Some of the best asanas for stress include:
Seated Twists: Seated twists of all kinds are powerful anxiety relievers they teach you to relax and be strong. Once a deep twist has been achieved in the pose of your choice, focus on the breath.
Headstand: More advanced yoga students can practice Sirsasana (Headstand), which is great for increasing balance and strength and can also stimulate mental clarity. Holding Headstand can be tough, but it's an effective way to calm anxious thoughts and build confidence.
Yoga induces sleep as it calms and soothes the adrenal system; the part of the body that initiaves the fight or flight response.
By doing yoga postures, breathing well and stilling the mind we are able to move into a deep state of theta brain waves which is healing and restorative and helps induce a wonderful deep sleep.
To induce sleep, focus on holding postures for several minutes as this will allow you to gain a greater meditative awareness by silence in sitting in the posture the stress melt away.
Try Janu Sirsasana (Head-to-Knee Pose): Sit on the floor with your legs extended in front of you. Inhale, bend your right knee, and draw the heel back towards your upper, inner opposite thigh.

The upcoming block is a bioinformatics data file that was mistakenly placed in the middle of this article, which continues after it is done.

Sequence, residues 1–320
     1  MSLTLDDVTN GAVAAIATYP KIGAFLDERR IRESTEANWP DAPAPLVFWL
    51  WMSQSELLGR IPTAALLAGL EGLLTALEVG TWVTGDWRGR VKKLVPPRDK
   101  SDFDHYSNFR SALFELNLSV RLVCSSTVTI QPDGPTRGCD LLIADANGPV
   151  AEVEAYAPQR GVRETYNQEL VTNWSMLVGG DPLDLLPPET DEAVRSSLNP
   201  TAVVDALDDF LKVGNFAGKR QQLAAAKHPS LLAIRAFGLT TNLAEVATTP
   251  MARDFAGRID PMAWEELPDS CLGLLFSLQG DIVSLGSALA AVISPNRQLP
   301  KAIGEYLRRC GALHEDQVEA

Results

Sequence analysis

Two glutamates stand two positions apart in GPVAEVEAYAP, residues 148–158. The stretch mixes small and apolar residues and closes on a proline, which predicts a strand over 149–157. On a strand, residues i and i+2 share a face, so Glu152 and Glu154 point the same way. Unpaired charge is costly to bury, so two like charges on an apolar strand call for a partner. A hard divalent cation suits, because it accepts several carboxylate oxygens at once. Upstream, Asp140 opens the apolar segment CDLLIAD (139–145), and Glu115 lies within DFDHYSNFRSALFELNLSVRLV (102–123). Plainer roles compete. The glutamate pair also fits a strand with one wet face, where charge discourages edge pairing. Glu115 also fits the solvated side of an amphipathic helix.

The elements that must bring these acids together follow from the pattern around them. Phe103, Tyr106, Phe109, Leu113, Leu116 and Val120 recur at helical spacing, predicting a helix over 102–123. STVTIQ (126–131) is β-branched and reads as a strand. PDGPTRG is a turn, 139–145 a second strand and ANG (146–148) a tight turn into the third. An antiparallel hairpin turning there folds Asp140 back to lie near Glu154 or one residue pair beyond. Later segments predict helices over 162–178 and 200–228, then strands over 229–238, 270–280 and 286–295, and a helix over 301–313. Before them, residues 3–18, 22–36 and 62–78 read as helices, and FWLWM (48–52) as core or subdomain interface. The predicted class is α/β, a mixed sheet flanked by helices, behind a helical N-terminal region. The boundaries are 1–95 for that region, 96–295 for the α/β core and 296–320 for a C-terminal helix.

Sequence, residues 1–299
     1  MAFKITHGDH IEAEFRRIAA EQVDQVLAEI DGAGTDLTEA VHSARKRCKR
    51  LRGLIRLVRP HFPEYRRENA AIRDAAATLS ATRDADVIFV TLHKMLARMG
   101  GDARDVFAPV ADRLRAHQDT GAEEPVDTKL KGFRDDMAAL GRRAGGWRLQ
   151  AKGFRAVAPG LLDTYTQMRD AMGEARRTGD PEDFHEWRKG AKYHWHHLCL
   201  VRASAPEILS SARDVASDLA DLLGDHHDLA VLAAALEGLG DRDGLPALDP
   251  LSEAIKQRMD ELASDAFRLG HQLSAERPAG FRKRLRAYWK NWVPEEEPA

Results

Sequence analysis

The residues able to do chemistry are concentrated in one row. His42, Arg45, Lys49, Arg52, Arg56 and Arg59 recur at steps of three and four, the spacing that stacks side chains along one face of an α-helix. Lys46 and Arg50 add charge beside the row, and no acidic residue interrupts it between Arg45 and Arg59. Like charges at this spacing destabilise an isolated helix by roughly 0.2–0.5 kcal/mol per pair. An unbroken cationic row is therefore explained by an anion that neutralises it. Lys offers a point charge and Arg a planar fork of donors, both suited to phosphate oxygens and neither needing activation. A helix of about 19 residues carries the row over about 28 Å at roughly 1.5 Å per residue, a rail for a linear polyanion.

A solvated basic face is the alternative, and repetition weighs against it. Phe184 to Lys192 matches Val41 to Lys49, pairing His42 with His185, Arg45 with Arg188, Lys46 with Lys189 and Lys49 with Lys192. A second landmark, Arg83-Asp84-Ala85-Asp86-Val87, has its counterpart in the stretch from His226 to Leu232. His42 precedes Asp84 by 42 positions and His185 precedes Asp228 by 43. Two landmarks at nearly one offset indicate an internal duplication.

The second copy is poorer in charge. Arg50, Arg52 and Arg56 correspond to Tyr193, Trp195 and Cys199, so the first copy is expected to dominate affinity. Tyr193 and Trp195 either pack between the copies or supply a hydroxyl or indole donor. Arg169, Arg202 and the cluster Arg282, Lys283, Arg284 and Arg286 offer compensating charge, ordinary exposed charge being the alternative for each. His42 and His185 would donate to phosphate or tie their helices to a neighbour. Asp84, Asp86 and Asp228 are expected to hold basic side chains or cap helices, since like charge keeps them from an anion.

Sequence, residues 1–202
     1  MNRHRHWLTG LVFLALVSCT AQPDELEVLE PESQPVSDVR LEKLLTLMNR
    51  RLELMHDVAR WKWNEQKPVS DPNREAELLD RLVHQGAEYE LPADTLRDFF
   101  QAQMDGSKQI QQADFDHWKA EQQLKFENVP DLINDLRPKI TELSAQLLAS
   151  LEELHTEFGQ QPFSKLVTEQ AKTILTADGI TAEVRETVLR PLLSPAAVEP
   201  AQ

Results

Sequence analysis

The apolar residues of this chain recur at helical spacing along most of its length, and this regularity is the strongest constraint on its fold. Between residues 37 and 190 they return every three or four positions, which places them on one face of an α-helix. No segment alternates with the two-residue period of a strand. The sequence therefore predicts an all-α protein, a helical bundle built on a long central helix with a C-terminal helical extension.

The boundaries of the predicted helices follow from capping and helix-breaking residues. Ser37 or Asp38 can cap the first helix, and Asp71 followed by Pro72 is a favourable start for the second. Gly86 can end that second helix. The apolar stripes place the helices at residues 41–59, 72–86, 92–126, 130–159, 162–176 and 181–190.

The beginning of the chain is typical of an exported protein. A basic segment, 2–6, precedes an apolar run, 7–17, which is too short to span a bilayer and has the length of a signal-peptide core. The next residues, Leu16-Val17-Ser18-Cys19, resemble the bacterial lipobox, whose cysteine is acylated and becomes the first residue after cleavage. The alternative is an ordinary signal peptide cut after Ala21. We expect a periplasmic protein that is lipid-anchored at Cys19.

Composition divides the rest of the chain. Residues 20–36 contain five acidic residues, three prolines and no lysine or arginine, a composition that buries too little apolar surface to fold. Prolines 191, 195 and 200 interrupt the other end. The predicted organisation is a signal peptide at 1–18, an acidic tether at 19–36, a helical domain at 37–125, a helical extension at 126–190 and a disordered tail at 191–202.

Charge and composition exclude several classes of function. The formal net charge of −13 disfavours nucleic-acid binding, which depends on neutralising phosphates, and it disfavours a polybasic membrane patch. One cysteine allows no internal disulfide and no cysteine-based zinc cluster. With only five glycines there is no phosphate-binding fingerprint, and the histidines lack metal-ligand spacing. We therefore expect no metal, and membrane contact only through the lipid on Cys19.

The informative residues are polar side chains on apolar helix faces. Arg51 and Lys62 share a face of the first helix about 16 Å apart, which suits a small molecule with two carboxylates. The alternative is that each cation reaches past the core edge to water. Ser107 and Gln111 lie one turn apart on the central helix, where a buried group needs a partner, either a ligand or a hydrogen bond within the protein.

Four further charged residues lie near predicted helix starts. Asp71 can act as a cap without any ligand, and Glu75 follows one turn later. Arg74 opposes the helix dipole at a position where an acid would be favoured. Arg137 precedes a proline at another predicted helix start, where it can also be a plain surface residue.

If your right knee doesn't rest comfortably on the floor, support it with a blanket. Exhale and turn the torso slightly to the left, lifting the torso as you push down on and ground the inner right thigh.
Reach out with your right hand to take the inner left foot, and reach your left hand to the outside of the foot. With the arms fully extended, lengthen the front torso from the pubis to the top of the sternum.
Do not round your back, try to keep your chest open and breathe deep, anywhere from one to three minutes. Come up with an inhalation and repeat the instructions with the legs reversed for the same length of time.
How you feel mentally is determined by how you feel physically - and how you feel physically is determined by how you feel mentally. It's a never ending circle that has no start and no finish.
The practice of yoga combines two together. By practicing the asanas you may stand straighter because our back is erect and your hamstrings are nice and stretched. This will place you in a nice alert state, making you feel good.
You only have to look at somebody who feels tired and dull. Look at their body language, how is there posture? The chances are the back and shoulders are bent forward. The head is down so is the expression.
Confidence comes from within. It's a natural state of mind that is flowing and happens on a deep level, whereas ego is something that is being put on continually and is acted out; it is shallow and insincere.
Just by walking and standing straighter you will begin to notice a change of state. The practice of yoga promotes happiness and well being that leads to a better way of life. You are able to move with purpose and confidence and make better decisions.